into a power pack.

    With regard to your Xantrex: the owner's manual states that the
    charge % indicator is accurate only when the unit has been
    disconnected from all loads and charging sources for at least
    15 minutes. The manual also states that the unit will sound
    an alarm when the voltage drops to 11 volts, and automatically
    disconnect from the load when the voltage drops to 10.5, provided
    the AC outlet on/off switch is turned on. That's the right idea,
    but the wrong implementation. The voltage levels should be
    higher - 11.5 volts for the alarm, and 11.0 volts for the
    disconnect. In addition, the alarm and disconnect functions
    should not depend on the position of the AC outlet switch, they
    should operate any time current is being drawn from the battery.
    It is obvious that the Xantrex was not engineered for maximum
    battery life, nor the more or less permanent usage in your
    dome/telescope. That doesn't mean you can't use it for that - you
    can. But the questions you have asked over a long period of
    time have been more detailed in nature than something like:
    "What is the easiest way for me to power the dome?"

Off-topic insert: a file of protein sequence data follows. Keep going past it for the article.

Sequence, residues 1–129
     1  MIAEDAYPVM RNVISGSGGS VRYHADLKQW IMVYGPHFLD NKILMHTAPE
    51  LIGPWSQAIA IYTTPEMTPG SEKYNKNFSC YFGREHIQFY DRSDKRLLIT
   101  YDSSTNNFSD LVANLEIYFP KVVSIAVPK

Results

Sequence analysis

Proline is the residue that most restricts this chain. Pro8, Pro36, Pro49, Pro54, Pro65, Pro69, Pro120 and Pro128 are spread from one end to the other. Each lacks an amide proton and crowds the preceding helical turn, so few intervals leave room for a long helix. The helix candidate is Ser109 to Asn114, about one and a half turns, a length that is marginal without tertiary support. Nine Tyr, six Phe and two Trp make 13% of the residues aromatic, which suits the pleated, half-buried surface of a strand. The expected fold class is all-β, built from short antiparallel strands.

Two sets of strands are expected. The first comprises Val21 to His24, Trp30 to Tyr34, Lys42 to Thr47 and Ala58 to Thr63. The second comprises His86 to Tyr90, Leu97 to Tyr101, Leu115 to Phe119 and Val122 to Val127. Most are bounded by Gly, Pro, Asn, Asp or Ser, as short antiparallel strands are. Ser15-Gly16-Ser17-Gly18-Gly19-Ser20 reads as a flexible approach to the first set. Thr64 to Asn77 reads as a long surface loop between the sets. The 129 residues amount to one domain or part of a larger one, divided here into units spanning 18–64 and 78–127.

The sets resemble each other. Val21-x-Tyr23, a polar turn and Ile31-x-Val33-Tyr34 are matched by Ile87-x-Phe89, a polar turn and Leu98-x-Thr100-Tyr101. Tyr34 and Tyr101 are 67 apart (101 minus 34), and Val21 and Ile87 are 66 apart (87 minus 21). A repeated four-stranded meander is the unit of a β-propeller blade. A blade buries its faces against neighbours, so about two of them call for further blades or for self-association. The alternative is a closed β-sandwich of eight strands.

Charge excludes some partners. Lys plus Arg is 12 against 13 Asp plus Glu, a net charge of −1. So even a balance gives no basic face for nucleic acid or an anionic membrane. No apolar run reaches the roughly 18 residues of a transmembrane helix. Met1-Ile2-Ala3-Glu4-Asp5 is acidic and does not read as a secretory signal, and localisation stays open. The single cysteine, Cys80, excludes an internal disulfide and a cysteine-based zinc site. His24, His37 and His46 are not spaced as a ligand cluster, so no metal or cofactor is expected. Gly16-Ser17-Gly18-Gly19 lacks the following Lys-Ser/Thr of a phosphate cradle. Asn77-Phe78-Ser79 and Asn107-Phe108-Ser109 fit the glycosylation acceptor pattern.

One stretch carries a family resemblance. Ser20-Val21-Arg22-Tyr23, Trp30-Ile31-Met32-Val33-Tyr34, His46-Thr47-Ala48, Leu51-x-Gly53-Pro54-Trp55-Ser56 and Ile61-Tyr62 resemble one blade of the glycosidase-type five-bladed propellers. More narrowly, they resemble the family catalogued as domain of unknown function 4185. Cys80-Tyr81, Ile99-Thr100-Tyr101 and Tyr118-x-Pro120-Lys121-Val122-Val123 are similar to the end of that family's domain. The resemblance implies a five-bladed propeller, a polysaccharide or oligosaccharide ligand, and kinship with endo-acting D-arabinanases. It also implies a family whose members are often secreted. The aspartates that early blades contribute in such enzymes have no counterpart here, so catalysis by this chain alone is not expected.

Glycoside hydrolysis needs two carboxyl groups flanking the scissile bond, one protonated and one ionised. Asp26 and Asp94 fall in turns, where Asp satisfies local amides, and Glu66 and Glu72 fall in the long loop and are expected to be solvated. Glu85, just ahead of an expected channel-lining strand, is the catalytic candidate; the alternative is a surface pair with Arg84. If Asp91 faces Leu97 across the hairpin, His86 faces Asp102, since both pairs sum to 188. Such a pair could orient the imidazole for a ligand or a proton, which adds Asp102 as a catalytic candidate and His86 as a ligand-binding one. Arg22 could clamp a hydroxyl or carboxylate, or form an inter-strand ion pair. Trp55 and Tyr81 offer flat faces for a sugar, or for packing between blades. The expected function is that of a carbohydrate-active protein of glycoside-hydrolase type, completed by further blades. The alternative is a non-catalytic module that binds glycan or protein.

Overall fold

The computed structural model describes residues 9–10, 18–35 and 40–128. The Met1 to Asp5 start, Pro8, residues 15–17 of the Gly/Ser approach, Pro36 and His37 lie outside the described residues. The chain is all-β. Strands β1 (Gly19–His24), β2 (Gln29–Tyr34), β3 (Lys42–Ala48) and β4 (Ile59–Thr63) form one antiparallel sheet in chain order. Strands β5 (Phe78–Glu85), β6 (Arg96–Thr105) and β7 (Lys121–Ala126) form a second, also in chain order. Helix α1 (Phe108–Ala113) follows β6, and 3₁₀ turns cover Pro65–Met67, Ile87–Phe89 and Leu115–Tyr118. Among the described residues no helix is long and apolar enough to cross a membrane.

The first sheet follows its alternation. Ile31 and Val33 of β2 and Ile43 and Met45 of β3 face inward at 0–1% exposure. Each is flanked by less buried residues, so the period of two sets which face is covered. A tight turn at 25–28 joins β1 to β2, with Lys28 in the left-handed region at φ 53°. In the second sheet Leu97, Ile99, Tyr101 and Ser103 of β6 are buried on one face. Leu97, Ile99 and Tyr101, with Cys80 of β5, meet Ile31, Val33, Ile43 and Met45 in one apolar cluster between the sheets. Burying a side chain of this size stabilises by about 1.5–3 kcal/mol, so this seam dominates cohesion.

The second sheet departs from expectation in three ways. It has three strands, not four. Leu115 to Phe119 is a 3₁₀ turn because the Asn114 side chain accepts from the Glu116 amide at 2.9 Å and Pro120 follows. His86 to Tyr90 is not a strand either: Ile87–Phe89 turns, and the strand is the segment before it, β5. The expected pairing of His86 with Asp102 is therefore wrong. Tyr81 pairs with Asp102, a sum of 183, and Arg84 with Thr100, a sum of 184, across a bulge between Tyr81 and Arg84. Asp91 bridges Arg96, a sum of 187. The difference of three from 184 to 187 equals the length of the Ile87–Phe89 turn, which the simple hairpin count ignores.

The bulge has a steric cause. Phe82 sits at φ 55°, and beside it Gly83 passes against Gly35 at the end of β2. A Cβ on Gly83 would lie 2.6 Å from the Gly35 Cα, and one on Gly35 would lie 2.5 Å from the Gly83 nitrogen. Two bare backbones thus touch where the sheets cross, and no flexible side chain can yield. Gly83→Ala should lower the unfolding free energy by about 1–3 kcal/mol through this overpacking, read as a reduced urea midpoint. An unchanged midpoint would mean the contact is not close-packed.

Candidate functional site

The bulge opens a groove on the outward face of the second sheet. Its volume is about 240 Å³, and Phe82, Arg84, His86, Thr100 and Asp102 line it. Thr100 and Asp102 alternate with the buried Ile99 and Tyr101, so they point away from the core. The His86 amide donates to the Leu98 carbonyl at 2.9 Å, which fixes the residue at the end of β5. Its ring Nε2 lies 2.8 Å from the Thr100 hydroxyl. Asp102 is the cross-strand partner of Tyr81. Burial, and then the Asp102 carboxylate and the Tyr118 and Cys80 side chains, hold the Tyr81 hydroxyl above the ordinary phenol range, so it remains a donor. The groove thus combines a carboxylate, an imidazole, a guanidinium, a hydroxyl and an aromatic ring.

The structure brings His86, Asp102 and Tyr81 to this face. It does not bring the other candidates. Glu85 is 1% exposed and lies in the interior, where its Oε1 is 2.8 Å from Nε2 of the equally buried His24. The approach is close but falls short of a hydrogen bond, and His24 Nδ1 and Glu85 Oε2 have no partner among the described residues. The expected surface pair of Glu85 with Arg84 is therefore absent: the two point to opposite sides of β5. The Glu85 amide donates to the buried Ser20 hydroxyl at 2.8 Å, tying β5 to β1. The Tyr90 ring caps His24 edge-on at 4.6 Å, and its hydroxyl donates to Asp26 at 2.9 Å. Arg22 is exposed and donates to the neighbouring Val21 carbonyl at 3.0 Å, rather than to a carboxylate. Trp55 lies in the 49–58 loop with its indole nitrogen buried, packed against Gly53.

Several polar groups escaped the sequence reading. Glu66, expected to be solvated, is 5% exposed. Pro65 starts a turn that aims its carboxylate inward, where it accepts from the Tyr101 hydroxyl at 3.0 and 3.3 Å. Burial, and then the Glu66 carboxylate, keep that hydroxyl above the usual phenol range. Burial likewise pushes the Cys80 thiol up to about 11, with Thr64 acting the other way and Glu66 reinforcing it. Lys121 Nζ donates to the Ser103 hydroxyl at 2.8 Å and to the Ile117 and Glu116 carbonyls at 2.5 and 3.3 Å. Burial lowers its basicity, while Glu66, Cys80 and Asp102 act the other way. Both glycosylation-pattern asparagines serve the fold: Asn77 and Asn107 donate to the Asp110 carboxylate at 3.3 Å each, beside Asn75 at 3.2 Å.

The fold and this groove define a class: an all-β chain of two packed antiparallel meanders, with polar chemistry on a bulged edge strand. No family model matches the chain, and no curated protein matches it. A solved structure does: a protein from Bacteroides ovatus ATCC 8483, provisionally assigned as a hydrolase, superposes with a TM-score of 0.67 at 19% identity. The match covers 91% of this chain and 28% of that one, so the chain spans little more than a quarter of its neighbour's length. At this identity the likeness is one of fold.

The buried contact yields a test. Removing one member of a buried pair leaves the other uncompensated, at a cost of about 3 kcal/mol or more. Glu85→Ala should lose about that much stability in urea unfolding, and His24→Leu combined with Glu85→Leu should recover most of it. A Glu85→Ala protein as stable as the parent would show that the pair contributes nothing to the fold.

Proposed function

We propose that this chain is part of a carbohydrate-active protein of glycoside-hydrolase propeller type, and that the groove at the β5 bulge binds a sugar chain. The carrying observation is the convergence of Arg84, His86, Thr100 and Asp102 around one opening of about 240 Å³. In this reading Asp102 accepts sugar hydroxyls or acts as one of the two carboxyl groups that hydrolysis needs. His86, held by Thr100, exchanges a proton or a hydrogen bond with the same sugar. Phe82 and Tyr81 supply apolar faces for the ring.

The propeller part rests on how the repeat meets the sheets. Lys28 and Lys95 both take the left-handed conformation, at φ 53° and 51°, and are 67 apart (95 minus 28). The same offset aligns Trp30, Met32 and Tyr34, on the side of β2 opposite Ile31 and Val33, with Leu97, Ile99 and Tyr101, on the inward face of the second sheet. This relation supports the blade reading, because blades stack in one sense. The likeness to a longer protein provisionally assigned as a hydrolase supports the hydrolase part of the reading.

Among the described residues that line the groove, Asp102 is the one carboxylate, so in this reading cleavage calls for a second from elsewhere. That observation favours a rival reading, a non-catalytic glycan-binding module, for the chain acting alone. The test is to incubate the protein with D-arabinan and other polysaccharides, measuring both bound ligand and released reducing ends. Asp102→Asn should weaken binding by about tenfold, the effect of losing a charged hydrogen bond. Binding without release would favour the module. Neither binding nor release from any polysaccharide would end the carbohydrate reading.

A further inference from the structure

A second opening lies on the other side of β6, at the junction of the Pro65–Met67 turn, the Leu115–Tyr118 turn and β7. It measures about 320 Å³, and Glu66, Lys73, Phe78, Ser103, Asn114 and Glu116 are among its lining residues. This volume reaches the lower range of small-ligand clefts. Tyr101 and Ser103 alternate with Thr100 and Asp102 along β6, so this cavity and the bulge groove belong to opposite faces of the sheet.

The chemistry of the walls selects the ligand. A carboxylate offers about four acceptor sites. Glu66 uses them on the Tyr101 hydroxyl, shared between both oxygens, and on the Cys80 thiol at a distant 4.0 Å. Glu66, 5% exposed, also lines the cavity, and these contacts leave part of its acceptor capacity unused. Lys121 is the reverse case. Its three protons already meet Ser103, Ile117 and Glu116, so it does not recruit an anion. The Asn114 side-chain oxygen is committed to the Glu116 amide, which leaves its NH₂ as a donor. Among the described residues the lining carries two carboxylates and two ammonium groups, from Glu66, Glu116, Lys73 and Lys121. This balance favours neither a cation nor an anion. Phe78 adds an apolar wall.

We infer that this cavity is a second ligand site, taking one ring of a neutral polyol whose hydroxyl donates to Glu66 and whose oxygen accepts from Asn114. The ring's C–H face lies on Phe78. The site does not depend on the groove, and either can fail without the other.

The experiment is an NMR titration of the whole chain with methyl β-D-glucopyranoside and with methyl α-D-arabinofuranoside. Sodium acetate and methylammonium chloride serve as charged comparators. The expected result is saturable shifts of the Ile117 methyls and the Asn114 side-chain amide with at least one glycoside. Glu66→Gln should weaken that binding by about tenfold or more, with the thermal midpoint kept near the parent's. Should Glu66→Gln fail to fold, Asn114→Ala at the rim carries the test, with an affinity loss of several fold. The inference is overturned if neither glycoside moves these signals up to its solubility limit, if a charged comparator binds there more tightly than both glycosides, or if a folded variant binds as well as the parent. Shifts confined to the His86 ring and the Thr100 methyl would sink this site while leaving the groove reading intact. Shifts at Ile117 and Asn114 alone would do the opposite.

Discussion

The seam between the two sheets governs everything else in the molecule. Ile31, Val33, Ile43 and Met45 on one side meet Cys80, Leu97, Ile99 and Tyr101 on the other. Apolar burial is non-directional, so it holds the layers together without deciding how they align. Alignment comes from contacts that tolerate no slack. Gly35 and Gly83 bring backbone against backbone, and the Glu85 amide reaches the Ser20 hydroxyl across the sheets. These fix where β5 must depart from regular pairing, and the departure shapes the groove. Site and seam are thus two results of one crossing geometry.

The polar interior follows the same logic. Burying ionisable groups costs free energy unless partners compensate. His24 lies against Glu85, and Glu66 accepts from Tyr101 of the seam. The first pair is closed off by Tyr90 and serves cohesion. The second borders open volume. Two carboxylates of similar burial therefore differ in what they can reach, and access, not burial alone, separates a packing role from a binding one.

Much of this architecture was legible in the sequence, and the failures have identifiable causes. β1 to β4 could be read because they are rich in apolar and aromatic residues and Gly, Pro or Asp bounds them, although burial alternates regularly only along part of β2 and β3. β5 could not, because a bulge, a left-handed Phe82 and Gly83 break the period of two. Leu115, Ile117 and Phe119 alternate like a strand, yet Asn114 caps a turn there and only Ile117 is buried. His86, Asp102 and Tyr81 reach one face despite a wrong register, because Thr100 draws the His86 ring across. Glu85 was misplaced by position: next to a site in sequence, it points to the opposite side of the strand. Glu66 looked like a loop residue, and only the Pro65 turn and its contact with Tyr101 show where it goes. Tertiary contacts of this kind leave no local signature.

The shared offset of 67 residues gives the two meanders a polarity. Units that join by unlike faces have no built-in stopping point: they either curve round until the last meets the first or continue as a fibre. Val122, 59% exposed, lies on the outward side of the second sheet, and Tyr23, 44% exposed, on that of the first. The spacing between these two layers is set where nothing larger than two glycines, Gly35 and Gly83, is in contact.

If you want the easiest way, just use the Xantrex or equivalent
    to bring power out there each time. It still means you need to
    do some research to find out if your controller(s) and motors
    will work properly for long enough on the 12V DC that the
    Xantrex/equivalent can provide, and how often you need to

  9. W. eWatson

    W. eWatson Guest

    Per Google, I see they are probably called float (or automatic) float.
    Some are pretty pricey. I think I'll pass in favor of using my VOM, as
    necessary. For the 6" scope, I do not think this poses a problem. More
    My (second) Xantrex turned out to be a stinker in that despite charging
    it every 3 months, it is barely in the game anymore.

    Ah, you remembered my dome/obs. There is where I would need a (float)
    automatic recharger. It will easily run the 6" scope, but it sure is bulky.

    I've run into a blank wall with regard to providing control of the dome
    shutter and rotation to keep the shutter open where the large scope is
    pointing. First though, I bought a hefty 12v Kirkland deep cycle battery
    from CostCo back around Feb or March. It has not been used, but I do not
    think has significantly discharged. The charger (float) need I mentioned
    in the last paragraph would probably be helpful there until and when I
    get the battery in use.

    Regarding the dome control project, I think there may be one guy in the
    50 states who knows how to do this, and he lives in Hawaii. He does it
    for a living. In the last 6 months, I've managed to purchase the
    Kirkland battery, soft start device, power inverter, aluminum sheets for